Messiah Ben Joseph and Messiah Ben David:
There is an established tenet in Talmudic times is that there is a splitting of the Messiah in two. This is why it says in the Talmud, “If they [the people of Israel] are worthy of [the Messiah] he will come ‘with the clouds of heaven’ [Dan 7:13] ;if they are not worthy, ‘lowly and riding upon a donkey’ [Zech. 9:9]” (b. Sanhedrin 98a).
“It is well according to him who explains that the cause is the slaying of Messiah the son of Joseph, since that well agrees with the Scriptural verse, And they shall look upon me because they have thrust him through, and they shall mourn for him as one mourneth for his only son; …[b. Sukkah 52a]
Who is Messiah Ben Joseph?
- He is descended from our patriarch and matriarch Jacob and Rachel’s son Joseph—makes early appearances in the Talmud and midrash literature.
- He is a successor of Messiah Ben David who will rise up during the birth pangs of the Messiah (the last days).
- He will command the hosts of Israel in combat, overseeing incredible victories, killing the king of Rome, restoring to Jewish hands the precious Temple vessels stolen by the Romans, before perishing in battle.
- For forty days the Messiah ben Joseph’s body will lie in the streets of Jerusalem, untouched—until the Messiah ben David arrives, sees to his resurrection, and ushers in Israel’s triumphant redemption.
- Now keep in mind the Messiah Ben Joseph is legendary. There are not really two different messianic figures in the Bible who are two separate figures. Instead, in contrast to this rabbinic model, the New Testament applies both the suffering and ruling predictions to one person, Jesus of Nazareth.
Remember Prophetic Telescoping: These Prophecies Bridge the First and Second Coming of the Messiah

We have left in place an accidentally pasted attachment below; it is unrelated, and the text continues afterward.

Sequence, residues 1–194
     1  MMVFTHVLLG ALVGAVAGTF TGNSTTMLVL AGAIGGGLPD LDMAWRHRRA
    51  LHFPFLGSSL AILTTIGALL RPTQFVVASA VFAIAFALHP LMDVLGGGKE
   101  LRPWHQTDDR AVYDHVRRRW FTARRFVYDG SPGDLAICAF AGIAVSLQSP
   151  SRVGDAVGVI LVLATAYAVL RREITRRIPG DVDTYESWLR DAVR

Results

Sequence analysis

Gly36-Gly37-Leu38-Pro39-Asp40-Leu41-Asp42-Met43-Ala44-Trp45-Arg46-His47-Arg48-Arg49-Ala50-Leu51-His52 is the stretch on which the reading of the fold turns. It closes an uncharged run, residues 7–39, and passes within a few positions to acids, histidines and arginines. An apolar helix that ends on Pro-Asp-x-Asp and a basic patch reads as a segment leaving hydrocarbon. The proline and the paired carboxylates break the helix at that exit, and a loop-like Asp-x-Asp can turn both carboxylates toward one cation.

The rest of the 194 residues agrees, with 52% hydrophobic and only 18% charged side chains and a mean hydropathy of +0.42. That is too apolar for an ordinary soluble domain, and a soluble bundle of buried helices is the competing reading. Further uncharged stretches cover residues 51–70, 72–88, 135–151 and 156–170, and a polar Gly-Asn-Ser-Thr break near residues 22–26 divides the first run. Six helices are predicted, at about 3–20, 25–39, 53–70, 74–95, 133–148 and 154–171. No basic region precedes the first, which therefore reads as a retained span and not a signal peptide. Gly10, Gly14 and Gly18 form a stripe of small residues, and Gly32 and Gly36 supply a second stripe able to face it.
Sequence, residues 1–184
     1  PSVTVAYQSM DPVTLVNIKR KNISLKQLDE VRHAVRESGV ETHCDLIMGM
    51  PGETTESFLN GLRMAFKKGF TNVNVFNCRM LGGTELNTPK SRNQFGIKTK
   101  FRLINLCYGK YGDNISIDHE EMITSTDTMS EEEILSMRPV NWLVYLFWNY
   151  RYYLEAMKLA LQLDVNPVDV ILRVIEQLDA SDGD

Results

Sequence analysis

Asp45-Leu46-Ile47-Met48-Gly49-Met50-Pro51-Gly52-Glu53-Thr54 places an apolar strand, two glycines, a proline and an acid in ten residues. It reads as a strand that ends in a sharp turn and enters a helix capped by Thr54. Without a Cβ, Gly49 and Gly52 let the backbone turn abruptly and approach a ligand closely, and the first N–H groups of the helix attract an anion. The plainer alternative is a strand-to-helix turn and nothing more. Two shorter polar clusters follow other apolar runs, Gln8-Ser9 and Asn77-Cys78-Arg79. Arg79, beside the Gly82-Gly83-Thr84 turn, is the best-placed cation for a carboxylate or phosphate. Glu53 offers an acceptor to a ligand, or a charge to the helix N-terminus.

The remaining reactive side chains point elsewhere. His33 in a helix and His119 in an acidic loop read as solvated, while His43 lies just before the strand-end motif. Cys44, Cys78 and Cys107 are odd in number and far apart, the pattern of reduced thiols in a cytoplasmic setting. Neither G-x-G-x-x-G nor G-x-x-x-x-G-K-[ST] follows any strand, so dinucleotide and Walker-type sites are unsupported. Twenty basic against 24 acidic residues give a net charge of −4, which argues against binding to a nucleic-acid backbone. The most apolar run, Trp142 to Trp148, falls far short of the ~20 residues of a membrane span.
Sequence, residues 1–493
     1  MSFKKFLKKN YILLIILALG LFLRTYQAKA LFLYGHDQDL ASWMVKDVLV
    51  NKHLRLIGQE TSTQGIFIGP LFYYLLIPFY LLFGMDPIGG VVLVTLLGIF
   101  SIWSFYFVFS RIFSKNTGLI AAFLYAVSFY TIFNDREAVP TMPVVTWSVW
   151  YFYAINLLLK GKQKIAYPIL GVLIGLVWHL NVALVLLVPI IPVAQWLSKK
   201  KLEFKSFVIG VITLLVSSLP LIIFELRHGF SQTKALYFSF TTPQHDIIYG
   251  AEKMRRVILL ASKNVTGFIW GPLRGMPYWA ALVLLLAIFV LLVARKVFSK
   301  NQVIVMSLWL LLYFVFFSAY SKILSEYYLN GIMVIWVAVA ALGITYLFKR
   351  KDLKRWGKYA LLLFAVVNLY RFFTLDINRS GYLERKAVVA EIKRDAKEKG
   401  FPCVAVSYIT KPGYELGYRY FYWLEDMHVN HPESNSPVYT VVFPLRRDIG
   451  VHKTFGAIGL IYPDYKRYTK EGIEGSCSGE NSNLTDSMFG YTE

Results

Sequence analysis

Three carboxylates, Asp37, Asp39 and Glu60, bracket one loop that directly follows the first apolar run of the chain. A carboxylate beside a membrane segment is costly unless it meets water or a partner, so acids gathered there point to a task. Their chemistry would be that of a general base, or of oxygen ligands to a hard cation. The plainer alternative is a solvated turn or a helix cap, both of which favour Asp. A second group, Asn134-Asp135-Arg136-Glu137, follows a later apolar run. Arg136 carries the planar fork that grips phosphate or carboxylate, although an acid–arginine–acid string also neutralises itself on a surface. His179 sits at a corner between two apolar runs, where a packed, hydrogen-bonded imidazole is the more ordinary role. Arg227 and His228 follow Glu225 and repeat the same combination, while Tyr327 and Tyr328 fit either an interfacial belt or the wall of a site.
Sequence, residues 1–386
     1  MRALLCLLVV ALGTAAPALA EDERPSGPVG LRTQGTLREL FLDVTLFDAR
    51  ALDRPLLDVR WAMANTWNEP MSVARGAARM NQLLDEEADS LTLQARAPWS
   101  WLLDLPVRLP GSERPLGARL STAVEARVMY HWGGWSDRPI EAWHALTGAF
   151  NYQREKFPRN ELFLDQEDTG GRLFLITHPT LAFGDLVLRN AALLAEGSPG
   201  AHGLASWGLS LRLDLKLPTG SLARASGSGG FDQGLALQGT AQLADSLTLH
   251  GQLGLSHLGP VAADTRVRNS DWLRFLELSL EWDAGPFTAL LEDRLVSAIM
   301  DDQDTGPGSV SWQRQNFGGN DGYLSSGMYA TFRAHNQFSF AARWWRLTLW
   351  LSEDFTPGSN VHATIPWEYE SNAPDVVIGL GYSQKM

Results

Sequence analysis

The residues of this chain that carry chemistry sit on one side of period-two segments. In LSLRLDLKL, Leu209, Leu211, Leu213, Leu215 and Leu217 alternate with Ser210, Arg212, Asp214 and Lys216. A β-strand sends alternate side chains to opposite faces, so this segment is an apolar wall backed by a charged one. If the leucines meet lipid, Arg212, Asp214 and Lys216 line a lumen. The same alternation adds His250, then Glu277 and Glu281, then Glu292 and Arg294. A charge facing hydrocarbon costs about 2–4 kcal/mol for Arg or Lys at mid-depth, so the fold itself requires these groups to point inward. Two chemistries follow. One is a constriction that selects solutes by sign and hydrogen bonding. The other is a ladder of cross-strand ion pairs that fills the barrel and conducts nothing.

Prophetic Telescoping is prophecy that bridges the First and Second Comings of the Messiah. In this way, prophecy telescopes forward to a time. The prophets saw future events as distant “peaks” (i.e., events) without an awareness of the large time gaps between them. Also, the prophets understood that history had two major periods—the present age and the age to come–although they did not always make a hard distinction between the two. Prophetic Telescoping stresses progressive revelation which means that God does not reveal everything at once.
There are texts that are fulfilled in the first appearance of Jesus. But there is another part that will be fulfilled in the future. In this sense, Jesus will return and establish the earthly, national aspect of the kingdom of God (Is. 9:6; Amos 9:11; Dan. 2:44; 7:13-14; 27; Is. 11:11-12; 24:23; Mic. 4:1-4; Zech.14:1-9; Matt. 26:63-64; Acts 1:6-11; 3:19-26). In other words, one day the Messiah will be King over His people (Matt. 19:28).
- Rabbi Elaine Rose Glickman, The Messiah and the Jews: Three Thousand Years of Tradition, Belief and Hope, Jewish Lights Publishing.